A Hidden Pay Per View Gem: Indivisible

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Indivisible discusses what happens to an individual and their family during and after a war, both in the physical cost, and the mental cost. Darren, a chaplain for the military, is called to Iraq. Both he, and his wife Heather have to carry their own share of burdens. For Darren, going to base hundreds of miles away from his family, and where an attack can happen at any moment on said base. He has to witness countless tragedies of war, all the while boosting the soldiers morale. Heather, on the other hand, has to deal with 3 children, with one having a severe type of Asthma all on her own.  She additionally has to struggle with the wives of the soldiers, having to share their pain together. Eventually, all of these factors combined begin to have a decaying effect on the once happy couple. They’ll need to get on the right track if the family wants to stick together.

This movie is a complete roller coaster of emotions in the best way possible. It feels much more real this way. Instead of the situation just being at its lowest point once Darren goes to Iraq, he’s actually more helpful than anything. But due to the traumatic experiences he slowly distances himself between his family, drawing him closer to his fellow soldiers instead. Darren also suffers from PTSD, as shown by him freaking out or being depressed. When he gets back, he became a different man entirely, ever silent, and hostile towards even his own children.The situation spirals out of control to the point where Darren needs to seek help from another chaplain back at his home. This causes the movie to bounce between happy and sad, which makes you want to see what happens towards the end.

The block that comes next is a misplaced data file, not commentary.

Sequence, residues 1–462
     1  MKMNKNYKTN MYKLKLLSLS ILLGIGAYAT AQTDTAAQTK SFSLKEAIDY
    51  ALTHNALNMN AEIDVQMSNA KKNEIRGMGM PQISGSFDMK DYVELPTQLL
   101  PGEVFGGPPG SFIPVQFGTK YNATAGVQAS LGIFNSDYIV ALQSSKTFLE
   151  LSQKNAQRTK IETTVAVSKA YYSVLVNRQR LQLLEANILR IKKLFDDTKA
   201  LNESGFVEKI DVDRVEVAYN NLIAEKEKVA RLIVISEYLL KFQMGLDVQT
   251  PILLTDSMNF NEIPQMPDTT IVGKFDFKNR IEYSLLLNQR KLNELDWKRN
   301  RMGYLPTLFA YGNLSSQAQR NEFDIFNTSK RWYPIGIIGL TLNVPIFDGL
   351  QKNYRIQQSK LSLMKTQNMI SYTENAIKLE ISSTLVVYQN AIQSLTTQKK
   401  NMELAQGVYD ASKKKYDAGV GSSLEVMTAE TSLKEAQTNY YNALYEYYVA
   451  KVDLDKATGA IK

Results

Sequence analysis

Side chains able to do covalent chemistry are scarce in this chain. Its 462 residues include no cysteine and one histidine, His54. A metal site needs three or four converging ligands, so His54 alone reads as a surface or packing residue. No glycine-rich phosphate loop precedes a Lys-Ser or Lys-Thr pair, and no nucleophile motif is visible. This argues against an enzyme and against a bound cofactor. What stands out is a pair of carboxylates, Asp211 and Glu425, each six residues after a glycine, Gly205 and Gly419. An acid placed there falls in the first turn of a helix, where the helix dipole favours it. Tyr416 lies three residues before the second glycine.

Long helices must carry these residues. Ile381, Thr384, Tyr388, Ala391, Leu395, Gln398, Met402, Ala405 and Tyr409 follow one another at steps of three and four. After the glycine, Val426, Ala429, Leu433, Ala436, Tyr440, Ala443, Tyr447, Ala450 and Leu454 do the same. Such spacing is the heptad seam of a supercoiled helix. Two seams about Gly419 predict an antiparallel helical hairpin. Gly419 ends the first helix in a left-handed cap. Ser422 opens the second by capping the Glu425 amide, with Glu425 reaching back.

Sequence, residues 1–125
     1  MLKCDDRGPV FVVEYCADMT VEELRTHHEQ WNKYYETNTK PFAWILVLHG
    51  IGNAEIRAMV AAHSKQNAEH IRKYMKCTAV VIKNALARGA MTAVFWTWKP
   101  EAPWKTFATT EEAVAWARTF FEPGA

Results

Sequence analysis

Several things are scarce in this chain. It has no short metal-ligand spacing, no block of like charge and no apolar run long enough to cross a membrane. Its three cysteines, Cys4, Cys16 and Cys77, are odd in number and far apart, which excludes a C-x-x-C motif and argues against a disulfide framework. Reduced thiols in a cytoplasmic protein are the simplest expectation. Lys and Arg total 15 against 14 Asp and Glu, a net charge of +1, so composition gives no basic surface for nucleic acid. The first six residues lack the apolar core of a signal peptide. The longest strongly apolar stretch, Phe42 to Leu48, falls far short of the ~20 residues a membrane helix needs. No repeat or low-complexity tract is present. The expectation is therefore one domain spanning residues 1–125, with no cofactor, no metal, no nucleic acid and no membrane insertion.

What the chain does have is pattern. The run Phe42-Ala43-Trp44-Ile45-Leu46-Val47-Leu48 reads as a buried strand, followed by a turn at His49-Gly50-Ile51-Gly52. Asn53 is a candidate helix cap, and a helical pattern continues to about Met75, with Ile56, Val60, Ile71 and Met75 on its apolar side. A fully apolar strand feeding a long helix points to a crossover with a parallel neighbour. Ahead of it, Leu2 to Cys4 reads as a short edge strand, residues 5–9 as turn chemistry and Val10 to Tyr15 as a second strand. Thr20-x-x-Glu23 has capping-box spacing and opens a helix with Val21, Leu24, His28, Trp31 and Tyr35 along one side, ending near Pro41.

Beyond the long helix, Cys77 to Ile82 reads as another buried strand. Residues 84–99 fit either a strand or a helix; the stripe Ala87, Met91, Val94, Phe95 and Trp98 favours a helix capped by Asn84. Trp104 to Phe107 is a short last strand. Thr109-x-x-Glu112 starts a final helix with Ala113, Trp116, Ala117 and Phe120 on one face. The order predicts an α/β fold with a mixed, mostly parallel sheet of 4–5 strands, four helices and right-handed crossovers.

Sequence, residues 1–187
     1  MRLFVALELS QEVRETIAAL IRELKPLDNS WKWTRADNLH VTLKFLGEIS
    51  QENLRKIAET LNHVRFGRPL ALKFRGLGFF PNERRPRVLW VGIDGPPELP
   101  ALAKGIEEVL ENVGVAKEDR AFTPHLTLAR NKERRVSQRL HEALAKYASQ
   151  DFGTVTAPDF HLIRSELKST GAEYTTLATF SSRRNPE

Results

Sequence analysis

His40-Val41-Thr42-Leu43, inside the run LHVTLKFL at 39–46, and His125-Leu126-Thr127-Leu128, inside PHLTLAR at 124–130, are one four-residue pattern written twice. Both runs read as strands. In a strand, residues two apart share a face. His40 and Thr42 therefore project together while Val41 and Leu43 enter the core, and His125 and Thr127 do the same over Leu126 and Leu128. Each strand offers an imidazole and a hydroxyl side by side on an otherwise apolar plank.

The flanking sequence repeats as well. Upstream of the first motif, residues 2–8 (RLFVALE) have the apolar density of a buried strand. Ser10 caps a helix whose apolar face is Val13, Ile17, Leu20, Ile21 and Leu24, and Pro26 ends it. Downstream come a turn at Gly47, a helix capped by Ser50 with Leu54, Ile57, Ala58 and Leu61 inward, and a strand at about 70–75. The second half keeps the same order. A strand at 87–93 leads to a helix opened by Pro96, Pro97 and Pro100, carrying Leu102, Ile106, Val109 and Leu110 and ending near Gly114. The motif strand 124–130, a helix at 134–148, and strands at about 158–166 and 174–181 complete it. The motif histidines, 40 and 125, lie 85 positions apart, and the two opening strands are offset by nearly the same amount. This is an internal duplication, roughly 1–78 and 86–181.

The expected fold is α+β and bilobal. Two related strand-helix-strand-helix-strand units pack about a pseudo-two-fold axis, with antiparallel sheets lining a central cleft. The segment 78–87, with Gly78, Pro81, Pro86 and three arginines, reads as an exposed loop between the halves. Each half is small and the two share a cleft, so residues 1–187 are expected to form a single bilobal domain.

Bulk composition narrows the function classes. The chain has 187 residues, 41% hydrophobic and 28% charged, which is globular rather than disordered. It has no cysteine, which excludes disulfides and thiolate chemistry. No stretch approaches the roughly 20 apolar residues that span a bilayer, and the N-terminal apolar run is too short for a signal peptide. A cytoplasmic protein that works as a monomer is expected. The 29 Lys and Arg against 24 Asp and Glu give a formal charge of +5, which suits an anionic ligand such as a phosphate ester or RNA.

What the movie is trying to convey is somewhat of an enigma. The trailer makes it out to be watching a love story. Most of what they show is the couple being happy, Darren going to war, and implying their love is in danger. But it’s described as a Christian film, with heavy themes of faith. It also heavily emphasizes that it’s taken place from real life events, making this a documentary of sorts. So, what we’re supposed to gather from this is that this movie is a love story about war with religious theming, all the while staying accurate to what actually happened to the real Darren’s family. Needless to say, this movie is really unfocused on what it wants to be, but what they do show us works well. They just need to decide what to have a primary focus on.

Indivisible is a great movie if you’re interested in learning what exactly happens when a soldier goes to war, and the effects on his mental being and family. The unfocused nature can hold it back if you’re the type that tries to follow every little detail, but what you’ll find in those details is a deep story regarding a man and his neighborhood. Indivisible gets a 8/10.

You can find Indivisible in smaller theaters, and it’s also on Pay Per View if you want to watch it.